It’s easier to fix a scar than fix your reputation

It’s always painful to learn we’ve disappointed someone, be they our patient, co-worker or spouse. We can learn a lot from our unhappy patients if we’ll only listen.

  1. There’s no need to be defensive about complaints. While it may be uncomfortable to deal with difficult situations, there is often a kernel of truth in the patient’s comment.
  2. You can make your practice better by listening. You can’t be present for each patient encounter. Use patient feedback to tweak your practice – where it matters most.
  3. You can grow your practice by responding to patient concerns. Customers who experience successful resolution of their problems are more likely to buy again and to refer.

Unhappy patients are a very small part of our patient experience. Only 3% of our patients ultimately review their experience as less than satisfied, i.e., neither agree nor disagree, dissatisfied, or highly dissatisfied.

In our surveys, 9% of our patients report that they “experienced a problem” but the vast majority of these were resolved internally by the practice prior to the survey. In our first year, only 54 patients requested follow-up for an unresolved problem. That’s out of 8,641 surveys!

RPR’s private alert system enables unhappy patients to communicate internally and privately. They’re not rating you badly or going to Yelp!

Patients who request contact want to work things out. They want you to help them solve a problem and they consider it to be a joint problem. They certainly can’t resolve it on their own.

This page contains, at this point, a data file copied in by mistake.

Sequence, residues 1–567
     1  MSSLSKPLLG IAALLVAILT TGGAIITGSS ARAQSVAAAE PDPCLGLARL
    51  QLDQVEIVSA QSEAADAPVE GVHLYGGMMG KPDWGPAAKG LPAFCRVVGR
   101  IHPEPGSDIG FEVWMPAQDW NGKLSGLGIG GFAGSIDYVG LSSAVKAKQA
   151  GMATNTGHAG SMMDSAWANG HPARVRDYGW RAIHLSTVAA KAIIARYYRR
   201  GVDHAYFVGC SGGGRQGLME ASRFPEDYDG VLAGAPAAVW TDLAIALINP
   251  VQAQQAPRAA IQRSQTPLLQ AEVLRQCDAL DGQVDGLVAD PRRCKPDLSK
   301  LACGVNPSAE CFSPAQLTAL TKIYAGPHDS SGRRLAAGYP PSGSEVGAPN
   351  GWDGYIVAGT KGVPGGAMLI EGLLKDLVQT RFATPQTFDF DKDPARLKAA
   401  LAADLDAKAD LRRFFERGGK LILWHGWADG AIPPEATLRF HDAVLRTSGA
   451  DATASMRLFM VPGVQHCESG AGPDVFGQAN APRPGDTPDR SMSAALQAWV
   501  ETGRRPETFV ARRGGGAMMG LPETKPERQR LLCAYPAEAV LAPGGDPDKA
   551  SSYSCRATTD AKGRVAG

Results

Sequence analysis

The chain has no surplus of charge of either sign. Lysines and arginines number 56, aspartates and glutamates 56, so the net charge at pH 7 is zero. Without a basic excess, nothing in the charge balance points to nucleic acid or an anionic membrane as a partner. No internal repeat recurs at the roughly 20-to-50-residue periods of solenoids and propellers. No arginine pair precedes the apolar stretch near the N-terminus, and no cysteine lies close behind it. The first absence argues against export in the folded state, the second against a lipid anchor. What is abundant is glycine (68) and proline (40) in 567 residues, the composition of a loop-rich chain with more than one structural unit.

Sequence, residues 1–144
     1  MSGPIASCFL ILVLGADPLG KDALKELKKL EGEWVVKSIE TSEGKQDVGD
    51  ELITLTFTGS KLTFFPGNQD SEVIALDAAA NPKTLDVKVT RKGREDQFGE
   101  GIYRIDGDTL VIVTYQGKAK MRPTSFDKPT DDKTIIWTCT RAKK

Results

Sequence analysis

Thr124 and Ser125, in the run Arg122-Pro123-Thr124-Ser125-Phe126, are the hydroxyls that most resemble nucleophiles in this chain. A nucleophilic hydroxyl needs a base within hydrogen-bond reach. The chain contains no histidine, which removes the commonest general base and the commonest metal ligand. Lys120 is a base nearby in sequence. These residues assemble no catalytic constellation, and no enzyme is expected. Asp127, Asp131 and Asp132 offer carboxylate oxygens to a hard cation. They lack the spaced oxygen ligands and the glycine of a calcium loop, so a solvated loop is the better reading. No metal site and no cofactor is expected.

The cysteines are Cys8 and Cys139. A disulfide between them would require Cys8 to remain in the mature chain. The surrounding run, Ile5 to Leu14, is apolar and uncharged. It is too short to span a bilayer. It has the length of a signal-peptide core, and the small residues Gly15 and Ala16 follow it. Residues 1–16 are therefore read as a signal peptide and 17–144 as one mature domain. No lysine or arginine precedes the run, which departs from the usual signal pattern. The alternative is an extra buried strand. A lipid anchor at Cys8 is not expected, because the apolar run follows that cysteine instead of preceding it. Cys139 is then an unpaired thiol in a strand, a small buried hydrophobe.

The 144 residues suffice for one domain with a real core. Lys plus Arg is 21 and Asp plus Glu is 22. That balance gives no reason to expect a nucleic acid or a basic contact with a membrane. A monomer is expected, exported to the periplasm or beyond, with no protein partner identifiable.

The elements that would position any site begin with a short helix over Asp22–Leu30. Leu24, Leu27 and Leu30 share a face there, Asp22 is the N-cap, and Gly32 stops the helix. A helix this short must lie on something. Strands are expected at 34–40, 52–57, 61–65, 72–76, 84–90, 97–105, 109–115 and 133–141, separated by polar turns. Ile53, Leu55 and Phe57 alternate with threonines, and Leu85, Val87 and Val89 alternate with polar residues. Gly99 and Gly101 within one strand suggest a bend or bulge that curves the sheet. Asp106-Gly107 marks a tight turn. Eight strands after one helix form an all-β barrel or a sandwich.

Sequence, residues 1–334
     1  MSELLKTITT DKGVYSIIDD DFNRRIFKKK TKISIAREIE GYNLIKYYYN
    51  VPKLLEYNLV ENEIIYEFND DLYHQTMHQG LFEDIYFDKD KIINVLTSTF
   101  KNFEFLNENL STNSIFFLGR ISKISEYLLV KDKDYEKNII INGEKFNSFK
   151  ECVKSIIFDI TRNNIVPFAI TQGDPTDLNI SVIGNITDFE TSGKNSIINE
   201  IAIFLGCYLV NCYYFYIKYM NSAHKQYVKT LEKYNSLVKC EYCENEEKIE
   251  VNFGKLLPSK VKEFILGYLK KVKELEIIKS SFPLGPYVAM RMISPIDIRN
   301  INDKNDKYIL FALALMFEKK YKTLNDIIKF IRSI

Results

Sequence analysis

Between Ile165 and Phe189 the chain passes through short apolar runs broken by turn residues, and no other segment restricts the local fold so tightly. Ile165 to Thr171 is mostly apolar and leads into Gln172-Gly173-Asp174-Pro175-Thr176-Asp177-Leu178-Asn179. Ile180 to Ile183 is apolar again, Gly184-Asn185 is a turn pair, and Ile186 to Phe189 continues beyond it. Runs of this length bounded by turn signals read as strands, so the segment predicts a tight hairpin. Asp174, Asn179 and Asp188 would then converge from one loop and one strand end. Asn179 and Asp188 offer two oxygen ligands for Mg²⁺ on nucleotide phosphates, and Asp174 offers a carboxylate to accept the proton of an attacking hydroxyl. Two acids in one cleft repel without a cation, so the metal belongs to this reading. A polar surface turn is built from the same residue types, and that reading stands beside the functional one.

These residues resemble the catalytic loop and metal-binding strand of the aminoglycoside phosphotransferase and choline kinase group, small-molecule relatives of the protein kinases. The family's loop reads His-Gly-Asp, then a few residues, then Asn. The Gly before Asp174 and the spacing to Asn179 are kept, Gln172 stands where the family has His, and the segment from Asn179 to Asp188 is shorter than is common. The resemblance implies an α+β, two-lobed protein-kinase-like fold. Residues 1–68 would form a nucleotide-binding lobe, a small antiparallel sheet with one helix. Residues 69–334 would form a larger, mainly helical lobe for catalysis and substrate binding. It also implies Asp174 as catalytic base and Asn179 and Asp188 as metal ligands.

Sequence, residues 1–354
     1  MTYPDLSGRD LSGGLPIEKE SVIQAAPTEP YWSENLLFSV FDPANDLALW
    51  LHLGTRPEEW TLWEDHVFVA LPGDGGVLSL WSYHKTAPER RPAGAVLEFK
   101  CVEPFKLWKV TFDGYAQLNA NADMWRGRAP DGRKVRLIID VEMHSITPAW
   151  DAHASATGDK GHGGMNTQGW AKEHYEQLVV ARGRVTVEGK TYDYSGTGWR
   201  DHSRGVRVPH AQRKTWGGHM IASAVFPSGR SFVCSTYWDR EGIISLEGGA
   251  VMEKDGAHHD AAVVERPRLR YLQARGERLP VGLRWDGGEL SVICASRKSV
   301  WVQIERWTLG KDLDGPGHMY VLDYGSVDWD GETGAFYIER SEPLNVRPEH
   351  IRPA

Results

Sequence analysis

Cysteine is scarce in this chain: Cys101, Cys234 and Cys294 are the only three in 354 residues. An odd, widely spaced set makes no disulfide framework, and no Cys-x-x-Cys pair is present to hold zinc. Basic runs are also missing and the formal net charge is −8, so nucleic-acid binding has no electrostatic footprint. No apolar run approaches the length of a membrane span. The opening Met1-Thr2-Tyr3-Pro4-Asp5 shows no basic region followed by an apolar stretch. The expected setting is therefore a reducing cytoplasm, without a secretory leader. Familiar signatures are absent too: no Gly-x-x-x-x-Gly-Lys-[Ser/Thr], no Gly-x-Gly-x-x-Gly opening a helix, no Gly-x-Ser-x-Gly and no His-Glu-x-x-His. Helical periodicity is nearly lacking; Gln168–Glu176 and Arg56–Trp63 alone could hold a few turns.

I read every RPR alert. Often the patient reports a previous response from the practice such as, “That’s a known complication…” which covers things from hematomas to contractures. These brush-offs don’t resolve the matter for the patient. And in these days of ratings and reviews, it doesn’t resolve it for the practice either. I call these kinds of responses, “Doing a Pontius Pilate” and you know where that got us!

I believe that as an industry, we must change how we review revisions and how we stand behind our work. So what can we do?

  • Raise Revenue Per Hour for procedures with known complications allowing for pre-paid physician time to deal with complications.
  • Increase O.R. fees to offset free surgical time that must be provided in the case of revisions
  • Make sure patients buy revision insurance
  • Charge the marketing budget for costs of revisionary surgery
  • And other out-of-the-box ideas?

My husband Merrel had a great perspective on revisions. He’d ask himself, “Will it take me less time to fix it than to talk about it?” Mostly, he answered, “Yes”. Then he either proposed or agreed to do the revision. This thrilled his patients and added to his reputation. By the end of his career, he was operating on the grandchildren of his patients, which says something about patient satisfaction with his approach.

I urge you to take a hard look at your revision policies. When you are quoting a revision policy to a patient, ask yourself, “Is my response going to improve my reputation or put it at risk?” I hope your answer will be mutually satisfying to your patient and to your reputation.

Marie Olesen